Hiwaizi also reminded entrepreneurs that it's not technology that's disruptive, but the businesses that find new ways to use that technology.

"When you're iterating [a tech product] and looking for a behavior change, you also need to iterate your business model," Hiwaizi said. "There are lots of technologies out there that weren't disruptive until someone worked out a business model [to] monetize it. Remember, the tech that powers Uber was all available before Uber came along."

Find the balance between old and new

No matter how "new" or "revolutionary" you think your product is, it's almost guaranteed to serve a function that already existed long before you came up with your idea. You probably won't make a full change in the status quo, so Padilla said the best approach is joining the status quo in a superior way.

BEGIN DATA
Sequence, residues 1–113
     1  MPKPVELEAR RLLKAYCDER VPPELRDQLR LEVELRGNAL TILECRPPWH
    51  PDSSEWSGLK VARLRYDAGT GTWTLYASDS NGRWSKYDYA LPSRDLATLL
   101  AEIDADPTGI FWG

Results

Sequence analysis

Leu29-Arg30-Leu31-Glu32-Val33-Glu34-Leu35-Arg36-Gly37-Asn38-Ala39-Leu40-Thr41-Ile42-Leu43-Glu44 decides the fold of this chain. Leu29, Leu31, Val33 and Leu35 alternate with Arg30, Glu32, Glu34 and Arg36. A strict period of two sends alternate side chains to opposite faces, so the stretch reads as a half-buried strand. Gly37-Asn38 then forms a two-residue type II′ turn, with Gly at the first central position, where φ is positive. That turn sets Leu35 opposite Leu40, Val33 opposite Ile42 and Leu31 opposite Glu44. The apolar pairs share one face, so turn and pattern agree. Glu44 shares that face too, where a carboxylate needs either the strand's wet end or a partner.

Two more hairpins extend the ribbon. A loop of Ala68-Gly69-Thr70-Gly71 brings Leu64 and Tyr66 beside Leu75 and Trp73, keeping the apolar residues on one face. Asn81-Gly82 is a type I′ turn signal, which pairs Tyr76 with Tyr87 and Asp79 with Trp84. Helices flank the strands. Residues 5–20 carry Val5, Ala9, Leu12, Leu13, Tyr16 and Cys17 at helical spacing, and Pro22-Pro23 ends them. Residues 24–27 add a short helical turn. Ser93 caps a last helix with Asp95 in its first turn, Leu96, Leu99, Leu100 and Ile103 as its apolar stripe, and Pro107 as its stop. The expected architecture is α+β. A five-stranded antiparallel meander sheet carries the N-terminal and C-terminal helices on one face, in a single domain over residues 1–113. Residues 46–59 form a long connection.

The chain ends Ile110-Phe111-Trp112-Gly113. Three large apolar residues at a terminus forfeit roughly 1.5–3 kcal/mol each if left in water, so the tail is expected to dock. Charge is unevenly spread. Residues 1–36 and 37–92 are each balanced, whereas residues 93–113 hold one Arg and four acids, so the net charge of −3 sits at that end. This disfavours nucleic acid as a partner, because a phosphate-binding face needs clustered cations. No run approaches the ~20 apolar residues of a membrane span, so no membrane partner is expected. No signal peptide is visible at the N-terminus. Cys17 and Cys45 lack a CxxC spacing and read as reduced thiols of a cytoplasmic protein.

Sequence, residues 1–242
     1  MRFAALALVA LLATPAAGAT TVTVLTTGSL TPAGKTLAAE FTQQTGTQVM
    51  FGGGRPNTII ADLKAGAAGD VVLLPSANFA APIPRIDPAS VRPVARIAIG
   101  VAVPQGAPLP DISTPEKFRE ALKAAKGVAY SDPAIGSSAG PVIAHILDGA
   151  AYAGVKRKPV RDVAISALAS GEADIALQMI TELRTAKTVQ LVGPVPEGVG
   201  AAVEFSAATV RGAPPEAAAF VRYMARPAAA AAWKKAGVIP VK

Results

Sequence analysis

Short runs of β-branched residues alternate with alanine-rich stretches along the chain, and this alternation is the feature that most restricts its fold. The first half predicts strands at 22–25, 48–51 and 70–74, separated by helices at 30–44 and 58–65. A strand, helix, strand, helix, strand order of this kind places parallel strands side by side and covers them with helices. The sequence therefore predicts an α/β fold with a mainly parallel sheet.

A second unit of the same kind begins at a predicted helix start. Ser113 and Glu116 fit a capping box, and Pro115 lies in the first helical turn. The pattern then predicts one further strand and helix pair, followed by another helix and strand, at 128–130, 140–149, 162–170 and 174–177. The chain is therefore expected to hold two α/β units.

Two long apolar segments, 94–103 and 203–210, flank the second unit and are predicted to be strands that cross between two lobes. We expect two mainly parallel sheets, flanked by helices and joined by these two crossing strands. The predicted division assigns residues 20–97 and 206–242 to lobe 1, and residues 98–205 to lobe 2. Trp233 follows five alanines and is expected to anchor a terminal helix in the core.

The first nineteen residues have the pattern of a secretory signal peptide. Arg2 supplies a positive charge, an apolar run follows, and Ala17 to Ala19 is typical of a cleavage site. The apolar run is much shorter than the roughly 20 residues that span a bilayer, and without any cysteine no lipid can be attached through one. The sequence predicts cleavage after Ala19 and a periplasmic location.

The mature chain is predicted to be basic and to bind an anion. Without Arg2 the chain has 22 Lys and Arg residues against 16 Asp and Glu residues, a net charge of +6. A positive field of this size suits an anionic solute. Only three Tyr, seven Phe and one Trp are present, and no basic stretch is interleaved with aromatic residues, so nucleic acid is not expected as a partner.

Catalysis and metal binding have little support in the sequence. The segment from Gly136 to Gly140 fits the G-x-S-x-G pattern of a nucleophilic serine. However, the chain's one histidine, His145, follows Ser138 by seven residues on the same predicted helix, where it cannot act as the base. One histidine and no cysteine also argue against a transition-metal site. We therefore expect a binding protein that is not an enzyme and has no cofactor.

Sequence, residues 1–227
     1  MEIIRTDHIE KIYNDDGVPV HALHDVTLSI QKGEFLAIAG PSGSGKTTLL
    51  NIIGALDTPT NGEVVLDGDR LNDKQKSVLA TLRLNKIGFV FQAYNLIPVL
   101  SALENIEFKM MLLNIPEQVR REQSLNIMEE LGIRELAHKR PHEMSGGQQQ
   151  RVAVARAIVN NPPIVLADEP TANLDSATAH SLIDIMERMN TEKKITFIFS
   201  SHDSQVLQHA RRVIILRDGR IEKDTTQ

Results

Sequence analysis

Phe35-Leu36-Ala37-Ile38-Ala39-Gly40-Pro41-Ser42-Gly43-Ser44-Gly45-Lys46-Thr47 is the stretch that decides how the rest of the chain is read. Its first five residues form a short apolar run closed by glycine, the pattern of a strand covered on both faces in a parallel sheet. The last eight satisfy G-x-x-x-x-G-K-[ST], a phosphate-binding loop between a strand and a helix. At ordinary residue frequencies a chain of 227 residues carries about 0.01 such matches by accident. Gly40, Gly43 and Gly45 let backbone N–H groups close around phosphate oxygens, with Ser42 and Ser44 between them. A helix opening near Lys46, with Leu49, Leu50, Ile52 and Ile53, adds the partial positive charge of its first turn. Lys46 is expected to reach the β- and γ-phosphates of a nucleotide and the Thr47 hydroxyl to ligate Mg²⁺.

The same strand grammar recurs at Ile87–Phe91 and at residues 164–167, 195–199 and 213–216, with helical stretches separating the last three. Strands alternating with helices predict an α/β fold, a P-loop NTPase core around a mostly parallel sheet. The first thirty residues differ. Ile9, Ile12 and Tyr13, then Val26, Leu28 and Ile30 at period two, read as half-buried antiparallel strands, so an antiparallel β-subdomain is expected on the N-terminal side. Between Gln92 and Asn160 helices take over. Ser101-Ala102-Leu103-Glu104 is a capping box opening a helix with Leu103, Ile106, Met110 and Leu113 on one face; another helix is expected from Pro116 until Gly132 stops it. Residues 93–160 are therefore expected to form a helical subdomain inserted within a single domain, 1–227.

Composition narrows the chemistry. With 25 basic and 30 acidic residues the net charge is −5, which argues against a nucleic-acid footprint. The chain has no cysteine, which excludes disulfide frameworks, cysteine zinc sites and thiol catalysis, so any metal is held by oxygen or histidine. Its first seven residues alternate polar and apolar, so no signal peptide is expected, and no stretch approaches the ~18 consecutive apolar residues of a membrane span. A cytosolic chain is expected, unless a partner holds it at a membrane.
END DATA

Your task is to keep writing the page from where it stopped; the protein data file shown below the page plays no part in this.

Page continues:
"Never let hubris convince you that you have invented a new need that humankind hasn't discovered until you came along," Padilla said. "The innovation is not in creating a new need, it is in serving our evolutionary needs in a more efficient, pleasant or surprising way — just not too surprising. Remember, we like our newness with just a hint of the familiar. It's all about finding that balance."

Image Credit: Ai825/Shutterstock
Nicole Fallon Member
Nicole received her Bachelor's degree in Media, Culture and Communication from New York University. She began freelancing for Business News Daily in 2010 and joined the team as a staff writer three years later. Nicole served as the site's managing editor until January 2018, and briefly ran's copy and production team. Follow her on Twitter.